CHRIS WOAKES and Jos Buttler combined to conjure up a miraculous, mind-blowing England Test victory for the second summer running.
What an unlikely pair they were. Woakes’ bowling has been superb but his batting has been traumatised over the past couple of years by short bowling.
His highest score in two years since a century against India at Lord’s was just 37 – until his 84 not out today, that is.
And wicketkeeper Buttler was under immense pressure after fluffing three chances in Pakistan’s first innings – including opener Shan Masood twice on 45 on his way to 156.
Then, after the game, Buttler revealed that he heard at 10pm on Friday evening that his father Johnny had been taken to hospital.
So, although this wasn’t quite as unbelievable as Headingley 2019 and nobody played an all-time great innings like Ben Stokes, it was still a remarkable performance.
Don’t forget, England conceded a deficit of 107 runs on first innings and slumped to 117-5 shortly before tea yesterday.
But the sixth-wicket partnership of 139 between Woakes and Buttler dragged England from their near-impossible predicament towards a three-wicket victory in the First Test.
Buttler was finally lbw for 75 attempting another of his reverse sweeps and Stuart Broad soon followed.
But Woakes was there at the end, the winning runs arriving courtesy of an edge for four.
It ended a sequence of England losing five straight opening Tests of a series.
All the Test matches behind closed doors this summer have been damn exciting.
But imagine the atmosphere on a normal Saturday in Manchester with thousands of well-oiled, fancy-dressed spectators willing England across the line.
Buttler admitted after the game that, after his triple blunders with the gloves, he wondered if he had played his last Test match.
He was able to enter almost one-day mode, something at which he is a world master. There was no point trying to chisel out the runs, they had been scored quickly.
Woakes timed the ball exquisitely, particularly with his favourite cover drives. It was a fabulous effort, bearing in mind his recent travails with the willow.
But Pakistan were curiously reluctant to test him with bouncers. They tried it briefly but, after one false shot and one boundary, abandoned the tactic.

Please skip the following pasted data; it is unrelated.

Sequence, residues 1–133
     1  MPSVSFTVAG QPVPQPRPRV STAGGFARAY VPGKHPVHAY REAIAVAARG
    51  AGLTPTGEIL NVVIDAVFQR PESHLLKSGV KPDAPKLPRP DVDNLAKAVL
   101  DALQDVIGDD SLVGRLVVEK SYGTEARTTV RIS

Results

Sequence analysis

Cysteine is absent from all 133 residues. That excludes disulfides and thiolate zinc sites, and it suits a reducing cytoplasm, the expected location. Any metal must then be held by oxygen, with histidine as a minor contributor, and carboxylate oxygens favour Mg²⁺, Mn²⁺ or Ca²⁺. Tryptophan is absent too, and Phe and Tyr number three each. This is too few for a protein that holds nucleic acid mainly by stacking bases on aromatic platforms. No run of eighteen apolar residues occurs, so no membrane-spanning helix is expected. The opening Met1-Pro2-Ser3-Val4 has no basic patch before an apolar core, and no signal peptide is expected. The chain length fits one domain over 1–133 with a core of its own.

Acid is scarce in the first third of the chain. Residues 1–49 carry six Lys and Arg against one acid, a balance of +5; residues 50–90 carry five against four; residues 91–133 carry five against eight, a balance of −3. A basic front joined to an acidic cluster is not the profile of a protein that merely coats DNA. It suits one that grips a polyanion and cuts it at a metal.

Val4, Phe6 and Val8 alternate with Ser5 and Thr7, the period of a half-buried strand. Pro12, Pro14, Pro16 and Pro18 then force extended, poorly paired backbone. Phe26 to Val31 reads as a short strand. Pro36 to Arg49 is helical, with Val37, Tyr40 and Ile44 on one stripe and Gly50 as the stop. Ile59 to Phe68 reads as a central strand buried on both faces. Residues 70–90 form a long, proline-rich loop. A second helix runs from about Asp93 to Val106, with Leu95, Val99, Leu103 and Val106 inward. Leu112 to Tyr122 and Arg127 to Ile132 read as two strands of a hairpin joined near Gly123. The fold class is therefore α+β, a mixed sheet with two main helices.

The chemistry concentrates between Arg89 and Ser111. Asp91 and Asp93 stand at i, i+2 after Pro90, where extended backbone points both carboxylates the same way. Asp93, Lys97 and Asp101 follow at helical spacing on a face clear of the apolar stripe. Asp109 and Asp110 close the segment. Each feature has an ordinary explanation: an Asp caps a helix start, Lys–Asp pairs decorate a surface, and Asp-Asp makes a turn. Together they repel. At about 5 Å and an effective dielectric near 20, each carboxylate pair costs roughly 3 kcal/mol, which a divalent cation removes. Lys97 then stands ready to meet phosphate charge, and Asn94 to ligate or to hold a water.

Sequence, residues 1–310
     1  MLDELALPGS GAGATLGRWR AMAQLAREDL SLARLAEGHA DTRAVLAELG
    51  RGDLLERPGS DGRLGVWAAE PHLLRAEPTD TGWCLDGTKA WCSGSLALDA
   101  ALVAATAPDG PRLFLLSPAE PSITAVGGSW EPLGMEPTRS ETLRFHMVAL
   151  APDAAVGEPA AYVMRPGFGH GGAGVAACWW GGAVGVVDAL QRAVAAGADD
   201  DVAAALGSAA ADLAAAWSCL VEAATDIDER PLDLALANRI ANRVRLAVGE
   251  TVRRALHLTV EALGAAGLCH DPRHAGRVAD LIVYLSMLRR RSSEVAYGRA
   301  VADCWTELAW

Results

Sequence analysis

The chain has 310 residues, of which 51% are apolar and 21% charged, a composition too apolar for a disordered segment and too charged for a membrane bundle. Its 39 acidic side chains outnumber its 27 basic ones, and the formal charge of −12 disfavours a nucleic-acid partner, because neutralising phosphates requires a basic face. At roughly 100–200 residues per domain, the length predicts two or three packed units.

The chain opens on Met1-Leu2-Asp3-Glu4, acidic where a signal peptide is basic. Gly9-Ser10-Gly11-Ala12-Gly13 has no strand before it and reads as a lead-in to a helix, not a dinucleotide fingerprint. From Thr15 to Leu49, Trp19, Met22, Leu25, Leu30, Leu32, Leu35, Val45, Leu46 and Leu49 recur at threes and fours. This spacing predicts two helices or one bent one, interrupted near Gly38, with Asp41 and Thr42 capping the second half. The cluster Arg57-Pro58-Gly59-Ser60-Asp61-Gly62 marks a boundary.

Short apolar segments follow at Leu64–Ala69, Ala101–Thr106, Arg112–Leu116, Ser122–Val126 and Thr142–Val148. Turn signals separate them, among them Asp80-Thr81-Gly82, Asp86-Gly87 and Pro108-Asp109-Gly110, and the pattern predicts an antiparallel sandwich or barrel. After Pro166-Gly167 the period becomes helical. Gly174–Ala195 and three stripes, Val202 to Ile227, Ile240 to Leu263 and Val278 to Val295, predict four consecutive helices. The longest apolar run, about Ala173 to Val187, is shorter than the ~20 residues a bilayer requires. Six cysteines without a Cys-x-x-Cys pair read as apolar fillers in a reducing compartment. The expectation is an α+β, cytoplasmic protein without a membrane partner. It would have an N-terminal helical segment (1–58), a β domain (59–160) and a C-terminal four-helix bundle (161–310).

Buttler and Woakes were outstanding but there is no doubt Pakistan went soft on England to some extent.
Their players’ constant chatter and encouragement whenever England were batting previously in the match gradually subsided to near-silence.
Pakistan started the day swinging and extended their lead by 32 runs from the first 16 balls, while losing their final two wickets.
Yasir Shah whacked three fours and a six before edging Broad, who extended his sequence of taking at least three wickets to six innings – the longest streak for England since Graeme Swann in 2009.
When England began their pursuit of 277 to win, Rory Burns was lbw to Mohammad Abbas from round the wicket. He reviewed and it was still out.
As he departed, Burns put his gloved finger to his mouth in a “ssshhh” gesture to the Pakistan players after some words to which he didn’t take kindly.
Dom Sibley and Root put on 64 for the second wicket, a useful foundation.
Sibley was given out caught behind on 26 but replays showed he missed the ball by several inches but then, having made 36, he edged an attempted drive against Yasir to slip.
England promptly lost four wickets for 31 runs and the game looked up.
Root edged 17-year-old Naseem Shah to slip and Stokes couldn’t get his hands out of the way of a Yasir googly that reared from the rough.
The original decision was not out but Pakistan’s review revealed the ball brushed Stokes’ gloves. He looked mystified, perhaps he didn’t feel the contact.
One thing was sure – Stokes wouldn’t on this occasion be the man who played the heroic innings.
When Ollie Pope was on the wrong end of a near-unplayable lifter from Shaheen Shah Afridi – which he gloved to gully – England were 117-5 and still 160 runs short of their target.
But Woakes joined Buttler and they seized the initiative with controlled aggression.
Pakistan’s bowlers were unable to gain much reverse swing and the pitch started to die – but, make no mistake, this was a victory right from the top drawer.